• The next session was another panel discussion, featuring renowned scholar and columnist Mr. Khursheed Nadeem, and Dr. Khalid Masud, former Chairperson of the Council of Islamic Ideology. The discussion, moderated by Mr. Rana, focused on how faith and culture interact within Pakistan. Dr. Masud stated that the youth lack clarity about the political system they desire to see in Pakistan, while Mr. Nadeem argued that as political and social traditions change over time, it creates confusion as to the political future of the nation, and such an issue has found its way to the youth; he cited the political backwardness present in Muslim countries as an example.
  • The following session featured a debate between renowned constitutionalist, Mr. Zafarullah Khan, and Dr. Fouzia Saeed, the director of Pakistan National Council of Art. The discussion touched on the concepts of freedom and rights under the constitution, as well as discussion of critical issues. According to Mr. Khan, constitutions are “the most basic documents underpinning the existence of the state”. He stated the importance of the youth having an understanding of the most important articles and clauses of the constitution at the very least, in order to understand the rights and freedoms they enjoy as citizens of Pakistan. When interacting with the audience, it so happened that the students had largely never had a chance to read the constitution. Dr. Saeed expressed the importance of embracing diversity in Pakistan and “appreciating differences in the mosaic of society”. The discussion was interactive and the audience could pose questions to the speakers. This concluded Day 1.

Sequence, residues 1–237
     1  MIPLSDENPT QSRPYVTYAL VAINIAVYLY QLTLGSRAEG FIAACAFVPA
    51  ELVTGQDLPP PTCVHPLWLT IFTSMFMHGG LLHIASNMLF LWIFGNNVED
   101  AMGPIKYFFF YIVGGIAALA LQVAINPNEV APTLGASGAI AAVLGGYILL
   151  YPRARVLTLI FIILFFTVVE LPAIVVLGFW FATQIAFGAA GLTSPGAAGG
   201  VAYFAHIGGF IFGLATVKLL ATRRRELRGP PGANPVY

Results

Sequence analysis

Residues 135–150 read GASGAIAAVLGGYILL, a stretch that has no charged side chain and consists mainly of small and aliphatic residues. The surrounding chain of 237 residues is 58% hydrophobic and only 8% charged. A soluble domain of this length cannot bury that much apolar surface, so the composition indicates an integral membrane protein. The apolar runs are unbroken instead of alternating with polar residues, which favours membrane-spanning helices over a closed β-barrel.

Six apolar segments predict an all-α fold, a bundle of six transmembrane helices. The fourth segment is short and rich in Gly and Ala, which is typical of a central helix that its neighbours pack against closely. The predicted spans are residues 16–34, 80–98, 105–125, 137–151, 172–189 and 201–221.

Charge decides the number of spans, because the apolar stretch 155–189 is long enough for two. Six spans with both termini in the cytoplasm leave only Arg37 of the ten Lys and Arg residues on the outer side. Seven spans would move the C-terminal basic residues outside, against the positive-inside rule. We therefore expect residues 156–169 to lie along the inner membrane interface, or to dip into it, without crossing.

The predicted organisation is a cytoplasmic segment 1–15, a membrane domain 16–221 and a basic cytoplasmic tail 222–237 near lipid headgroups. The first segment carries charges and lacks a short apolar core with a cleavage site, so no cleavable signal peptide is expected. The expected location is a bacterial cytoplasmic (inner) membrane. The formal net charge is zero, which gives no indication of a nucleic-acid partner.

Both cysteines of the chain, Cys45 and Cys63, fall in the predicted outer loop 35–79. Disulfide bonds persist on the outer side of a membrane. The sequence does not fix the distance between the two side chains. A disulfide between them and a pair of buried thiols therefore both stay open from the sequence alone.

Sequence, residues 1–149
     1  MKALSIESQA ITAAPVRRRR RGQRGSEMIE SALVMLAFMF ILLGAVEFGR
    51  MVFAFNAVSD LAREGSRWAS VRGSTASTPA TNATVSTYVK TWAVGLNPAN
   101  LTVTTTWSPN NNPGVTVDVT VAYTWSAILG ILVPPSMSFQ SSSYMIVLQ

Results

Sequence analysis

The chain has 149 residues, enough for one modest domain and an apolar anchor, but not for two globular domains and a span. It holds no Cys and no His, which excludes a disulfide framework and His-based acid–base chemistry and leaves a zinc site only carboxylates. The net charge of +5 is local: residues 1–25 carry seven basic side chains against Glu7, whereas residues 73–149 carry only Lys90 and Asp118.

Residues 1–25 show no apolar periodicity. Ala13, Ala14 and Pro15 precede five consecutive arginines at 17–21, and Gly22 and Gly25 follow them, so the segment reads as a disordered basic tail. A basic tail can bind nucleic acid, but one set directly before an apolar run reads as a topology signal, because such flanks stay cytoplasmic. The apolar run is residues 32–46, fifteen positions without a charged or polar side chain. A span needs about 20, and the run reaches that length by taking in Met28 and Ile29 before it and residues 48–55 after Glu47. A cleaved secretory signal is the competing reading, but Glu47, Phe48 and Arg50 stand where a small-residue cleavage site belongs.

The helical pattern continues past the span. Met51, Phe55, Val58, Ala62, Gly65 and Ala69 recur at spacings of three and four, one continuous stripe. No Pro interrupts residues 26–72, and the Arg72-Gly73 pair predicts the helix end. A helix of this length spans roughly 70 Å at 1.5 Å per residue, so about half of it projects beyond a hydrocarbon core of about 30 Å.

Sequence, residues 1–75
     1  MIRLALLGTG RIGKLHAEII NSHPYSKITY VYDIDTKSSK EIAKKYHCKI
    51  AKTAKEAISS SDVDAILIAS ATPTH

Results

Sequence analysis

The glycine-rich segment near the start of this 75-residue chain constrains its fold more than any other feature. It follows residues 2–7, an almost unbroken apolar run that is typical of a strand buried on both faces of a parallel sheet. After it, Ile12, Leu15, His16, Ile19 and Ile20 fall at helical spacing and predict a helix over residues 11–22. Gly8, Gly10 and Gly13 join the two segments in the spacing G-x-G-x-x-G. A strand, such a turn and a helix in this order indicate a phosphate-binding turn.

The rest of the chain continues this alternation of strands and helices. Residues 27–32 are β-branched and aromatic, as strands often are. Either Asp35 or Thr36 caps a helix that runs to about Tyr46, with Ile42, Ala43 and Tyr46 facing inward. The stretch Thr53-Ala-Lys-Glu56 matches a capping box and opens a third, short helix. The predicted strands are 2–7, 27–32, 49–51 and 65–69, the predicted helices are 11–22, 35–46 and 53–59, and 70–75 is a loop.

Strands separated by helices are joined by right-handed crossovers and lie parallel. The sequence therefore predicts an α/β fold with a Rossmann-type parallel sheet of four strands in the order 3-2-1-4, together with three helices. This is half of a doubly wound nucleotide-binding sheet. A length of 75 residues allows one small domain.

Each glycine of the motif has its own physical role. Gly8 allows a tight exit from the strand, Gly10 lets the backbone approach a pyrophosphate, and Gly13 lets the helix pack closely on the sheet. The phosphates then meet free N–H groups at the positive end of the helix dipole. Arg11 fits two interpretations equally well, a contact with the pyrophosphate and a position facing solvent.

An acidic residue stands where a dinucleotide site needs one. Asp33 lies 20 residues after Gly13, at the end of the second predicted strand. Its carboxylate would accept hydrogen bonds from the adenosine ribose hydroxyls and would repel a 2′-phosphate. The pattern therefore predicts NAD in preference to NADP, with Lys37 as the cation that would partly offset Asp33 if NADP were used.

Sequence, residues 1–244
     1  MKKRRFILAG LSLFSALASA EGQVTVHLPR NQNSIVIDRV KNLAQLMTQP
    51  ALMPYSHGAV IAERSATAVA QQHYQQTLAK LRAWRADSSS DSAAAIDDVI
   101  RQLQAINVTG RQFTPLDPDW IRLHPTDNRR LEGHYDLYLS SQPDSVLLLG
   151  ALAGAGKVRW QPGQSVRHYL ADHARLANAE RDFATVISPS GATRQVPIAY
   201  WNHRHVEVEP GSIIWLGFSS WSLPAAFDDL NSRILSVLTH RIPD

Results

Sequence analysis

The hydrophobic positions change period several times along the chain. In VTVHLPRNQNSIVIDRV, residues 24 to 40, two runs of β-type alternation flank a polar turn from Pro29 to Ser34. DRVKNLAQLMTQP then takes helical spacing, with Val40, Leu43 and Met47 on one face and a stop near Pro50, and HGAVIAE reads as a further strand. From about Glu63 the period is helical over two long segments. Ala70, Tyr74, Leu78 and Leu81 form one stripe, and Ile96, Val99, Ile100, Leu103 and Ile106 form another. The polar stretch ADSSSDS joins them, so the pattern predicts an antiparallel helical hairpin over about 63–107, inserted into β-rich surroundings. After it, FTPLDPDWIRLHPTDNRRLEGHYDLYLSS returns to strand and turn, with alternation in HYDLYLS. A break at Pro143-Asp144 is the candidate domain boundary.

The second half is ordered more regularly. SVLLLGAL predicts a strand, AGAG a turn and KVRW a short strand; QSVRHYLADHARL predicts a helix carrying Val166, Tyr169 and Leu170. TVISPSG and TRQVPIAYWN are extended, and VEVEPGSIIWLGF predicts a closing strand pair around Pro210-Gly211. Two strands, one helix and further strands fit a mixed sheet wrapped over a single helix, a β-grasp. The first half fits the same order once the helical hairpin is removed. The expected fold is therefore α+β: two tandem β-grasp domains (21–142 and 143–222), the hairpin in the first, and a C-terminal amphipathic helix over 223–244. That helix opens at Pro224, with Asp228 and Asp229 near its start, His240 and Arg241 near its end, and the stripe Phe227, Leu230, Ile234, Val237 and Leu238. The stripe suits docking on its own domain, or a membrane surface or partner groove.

Day 2

  • Day 2 began with a panel discussion featuring four female speakers: Ms. Amber Rahim-Shamsi, a journalist and anchorperson; Ms. Puruesh Chaudhry, the founder of development NGO Agahi; Ms Mava Rajput, a social activist and entrepreneur; and Bisma Shoukat, an entrepreneur. The four speakers shared their experiences and the challenges they faced as they strived for success in their respective fields. Ms. Chaudhry emphasized the importance of looking for inspiration in the people around her, such as those she trained through Agahi. Ms. Shamsi achieved success in a field dominated by men through perseverance and determination. The discussion was interactive, and the speakers entertained questions from the audience.
  • This was followed up by a talk by Mr. Dilip Doshi, a lawyer and humanitarian activist. Mr. Doshi outlined the necessity of positive thinking when pursuing success in one’s professional life in Pakistan, particularly as a minority.
  • Sabookh Syed led the penultimate session of the workshop where he discussed the demolition of a Hindu shrine in Karak, KP. Mr. Sabookh covered the demolition’s aftermath, and the talk focused around what really took place there whilst dispelling preconceived notions and myths held about Pakistan’s Hindu community; an example was showing that Hindus are also buried along with being cremated. He also produced a documentary on what really happened in Karak, which was shown to the audience.
  • The workshop came to a close with closing remarks by Mr. Ahmed Ali and Mr. Sabookh Syed, and the presentation of certificates to the audience for their participation.


Key Takeaways

  • Being born into a minority community does not necessarily decide one’s fate for them; Senator Kumari was born into an impoverished village and is Hindu, yet she holds political office.
  • Hard work and perseverance are essential to success.
  • There are a great many myths about non-Muslim faiths and ethnic communities within Pakistan which need to be dispelled.

The youth need to be familiarized with the Constitution, both to understand their own rights and freedoms as well as those afforded to othe